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      Regulatory activities of transposable elements: from conflicts to benefits

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      Nature Reviews Genetics

      Springer Nature

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          Abstract

          Transposable elements (TEs) are a prolific source of tightly regulated, biochemically active non-coding elements, such as transcription factor-binding sites and non-coding RNAs. Many recent studies reinvigorate the idea that these elements are pervasively co-opted for the regulation of host genes. We argue that the inherent

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          Most cited references 116

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          Large intergenic non-coding RNA-RoR modulates reprogramming of human induced pluripotent stem cells.

          The conversion of lineage-committed cells to induced pluripotent stem cells (iPSCs) by reprogramming is accompanied by a global remodeling of the epigenome, resulting in altered patterns of gene expression. Here we characterize the transcriptional reorganization of large intergenic non-coding RNAs (lincRNAs) that occurs upon derivation of human iPSCs and identify numerous lincRNAs whose expression is linked to pluripotency. Among these, we defined ten lincRNAs whose expression was elevated in iPSCs compared with embryonic stem cells, suggesting that their activation may promote the emergence of iPSCs. Supporting this, our results indicate that these lincRNAs are direct targets of key pluripotency transcription factors. Using loss-of-function and gain-of-function approaches, we found that one such lincRNA (lincRNA-RoR) modulates reprogramming, thus providing a first demonstration for critical functions of lincRNAs in the derivation of pluripotent stem cells.
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            Selfish genes, the phenotype paradigm and genome evolution.

            Natural selection operating within genomes will inevitably result in the appearance of DNAs with no phenotypic expression whose only 'function' is survival within genomes. Prokaryotic transposable elements and eukaryotic middle-repetitive sequences can be seen as such DNA's and thus no phenotypic or evolutionary function need be assigned to them.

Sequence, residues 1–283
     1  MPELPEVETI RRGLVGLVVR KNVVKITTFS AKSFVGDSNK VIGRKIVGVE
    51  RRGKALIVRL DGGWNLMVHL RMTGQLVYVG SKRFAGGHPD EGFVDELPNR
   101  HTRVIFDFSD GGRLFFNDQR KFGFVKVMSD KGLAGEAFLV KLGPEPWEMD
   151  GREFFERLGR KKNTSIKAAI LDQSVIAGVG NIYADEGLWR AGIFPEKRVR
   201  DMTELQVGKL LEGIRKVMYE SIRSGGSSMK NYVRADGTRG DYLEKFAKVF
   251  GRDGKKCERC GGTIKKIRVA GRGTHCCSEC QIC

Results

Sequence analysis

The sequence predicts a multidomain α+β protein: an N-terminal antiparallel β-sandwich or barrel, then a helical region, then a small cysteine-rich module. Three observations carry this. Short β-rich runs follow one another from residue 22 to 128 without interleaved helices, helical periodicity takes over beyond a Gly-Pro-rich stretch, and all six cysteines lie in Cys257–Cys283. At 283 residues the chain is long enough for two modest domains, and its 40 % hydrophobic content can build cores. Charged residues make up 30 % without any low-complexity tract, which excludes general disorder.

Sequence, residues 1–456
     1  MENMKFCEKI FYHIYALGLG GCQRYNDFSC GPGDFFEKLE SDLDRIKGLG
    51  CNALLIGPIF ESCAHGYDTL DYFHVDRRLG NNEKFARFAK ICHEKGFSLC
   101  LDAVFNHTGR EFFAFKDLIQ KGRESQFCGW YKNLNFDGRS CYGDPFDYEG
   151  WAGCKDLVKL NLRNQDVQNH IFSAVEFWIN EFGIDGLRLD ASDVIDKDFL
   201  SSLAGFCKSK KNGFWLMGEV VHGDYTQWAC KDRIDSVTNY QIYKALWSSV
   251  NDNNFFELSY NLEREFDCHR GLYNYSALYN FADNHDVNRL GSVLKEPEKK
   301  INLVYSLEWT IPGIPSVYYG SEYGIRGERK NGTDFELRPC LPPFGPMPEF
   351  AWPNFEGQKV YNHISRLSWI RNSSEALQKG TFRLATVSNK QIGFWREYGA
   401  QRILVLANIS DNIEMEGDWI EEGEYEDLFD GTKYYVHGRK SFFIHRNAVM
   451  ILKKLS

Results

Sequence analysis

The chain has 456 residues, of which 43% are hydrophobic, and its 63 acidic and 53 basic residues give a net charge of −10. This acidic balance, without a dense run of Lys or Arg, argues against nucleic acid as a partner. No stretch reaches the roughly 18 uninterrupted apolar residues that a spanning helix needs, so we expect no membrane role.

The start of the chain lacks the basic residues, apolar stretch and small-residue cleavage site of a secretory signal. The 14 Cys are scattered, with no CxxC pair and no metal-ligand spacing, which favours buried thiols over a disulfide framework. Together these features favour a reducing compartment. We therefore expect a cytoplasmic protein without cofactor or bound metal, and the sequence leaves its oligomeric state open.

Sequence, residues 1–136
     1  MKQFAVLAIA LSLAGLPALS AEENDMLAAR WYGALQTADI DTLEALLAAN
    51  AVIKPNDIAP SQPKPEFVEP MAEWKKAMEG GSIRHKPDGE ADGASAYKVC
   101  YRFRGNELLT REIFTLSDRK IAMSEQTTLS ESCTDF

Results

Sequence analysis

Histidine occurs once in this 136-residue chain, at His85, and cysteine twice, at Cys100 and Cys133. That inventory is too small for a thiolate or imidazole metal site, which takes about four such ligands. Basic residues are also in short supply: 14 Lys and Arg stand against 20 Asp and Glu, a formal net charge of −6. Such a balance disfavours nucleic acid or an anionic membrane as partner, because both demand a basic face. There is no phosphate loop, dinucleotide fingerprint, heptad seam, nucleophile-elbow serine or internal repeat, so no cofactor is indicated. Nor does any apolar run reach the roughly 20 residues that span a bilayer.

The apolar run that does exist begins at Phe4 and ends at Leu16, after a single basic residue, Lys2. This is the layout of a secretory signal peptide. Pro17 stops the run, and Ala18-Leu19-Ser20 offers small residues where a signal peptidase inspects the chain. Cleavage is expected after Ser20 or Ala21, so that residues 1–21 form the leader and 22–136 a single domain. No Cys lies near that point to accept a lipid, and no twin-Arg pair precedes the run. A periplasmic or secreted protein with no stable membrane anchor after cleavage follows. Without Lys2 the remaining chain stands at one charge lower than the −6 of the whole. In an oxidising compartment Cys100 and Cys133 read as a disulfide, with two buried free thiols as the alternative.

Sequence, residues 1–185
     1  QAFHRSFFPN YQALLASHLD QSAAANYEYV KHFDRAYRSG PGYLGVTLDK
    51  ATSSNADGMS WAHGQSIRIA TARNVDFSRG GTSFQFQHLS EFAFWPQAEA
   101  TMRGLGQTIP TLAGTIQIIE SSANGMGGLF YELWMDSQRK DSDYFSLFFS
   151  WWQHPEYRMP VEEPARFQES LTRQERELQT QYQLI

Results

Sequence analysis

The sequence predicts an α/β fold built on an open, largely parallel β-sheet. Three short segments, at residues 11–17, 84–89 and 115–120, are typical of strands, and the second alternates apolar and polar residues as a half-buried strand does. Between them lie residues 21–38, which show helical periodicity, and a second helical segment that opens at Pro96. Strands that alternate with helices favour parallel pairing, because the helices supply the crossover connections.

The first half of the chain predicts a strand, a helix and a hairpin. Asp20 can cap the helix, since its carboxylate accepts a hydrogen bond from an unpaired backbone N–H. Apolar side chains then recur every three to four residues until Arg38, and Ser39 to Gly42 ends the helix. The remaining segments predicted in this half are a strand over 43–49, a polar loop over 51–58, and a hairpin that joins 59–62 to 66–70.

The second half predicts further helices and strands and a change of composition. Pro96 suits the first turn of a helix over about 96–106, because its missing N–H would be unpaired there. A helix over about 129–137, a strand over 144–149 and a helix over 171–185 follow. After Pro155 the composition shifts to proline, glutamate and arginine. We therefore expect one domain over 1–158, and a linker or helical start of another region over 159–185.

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              Endogenous miRNA sponge lincRNA-RoR regulates Oct4, Nanog, and Sox2 in human embryonic stem cell self-renewal.

              The embryonic stem cell (ESC) transcriptional and epigenetic networks are controlled by a multilayer regulatory circuitry, including core transcription factors (TFs), posttranscriptional modifier microRNAs (miRNAs), and some other regulators. However, the role of large intergenic noncoding RNAs (lincRNAs) in this regulatory circuitry and their underlying mechanism remains undefined. Here, we demonstrate that a lincRNA, linc-RoR, may function as a key competing endogenous RNA to link the network of miRNAs and core TFs, e.g., Oct4, Sox2, and Nanog. We show that linc-RoR shares miRNA-response elements with these core TFs and that linc-RoR prevents these core TFs from miRNA-mediated suppression in self-renewing human ESC. We suggest that linc-RoR forms a feedback loop with core TFs and miRNAs to regulate ESC maintenance and differentiation. These results may provide insights into the functional interactions of the components of genetic networks during development and may lead to new therapies for many diseases. Copyright © 2013 Elsevier Inc. All rights reserved.
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                Author and article information

                Journal
                Nature Reviews Genetics
                Nat Rev Genet
                Springer Nature
                1471-0056
                1471-0064
                November 21 2016
                November 21 2016
                : 18
                : 2
                : 71-86
                Article
                10.1038/nrg.2016.139
                5498291
                27867194
                © 2016
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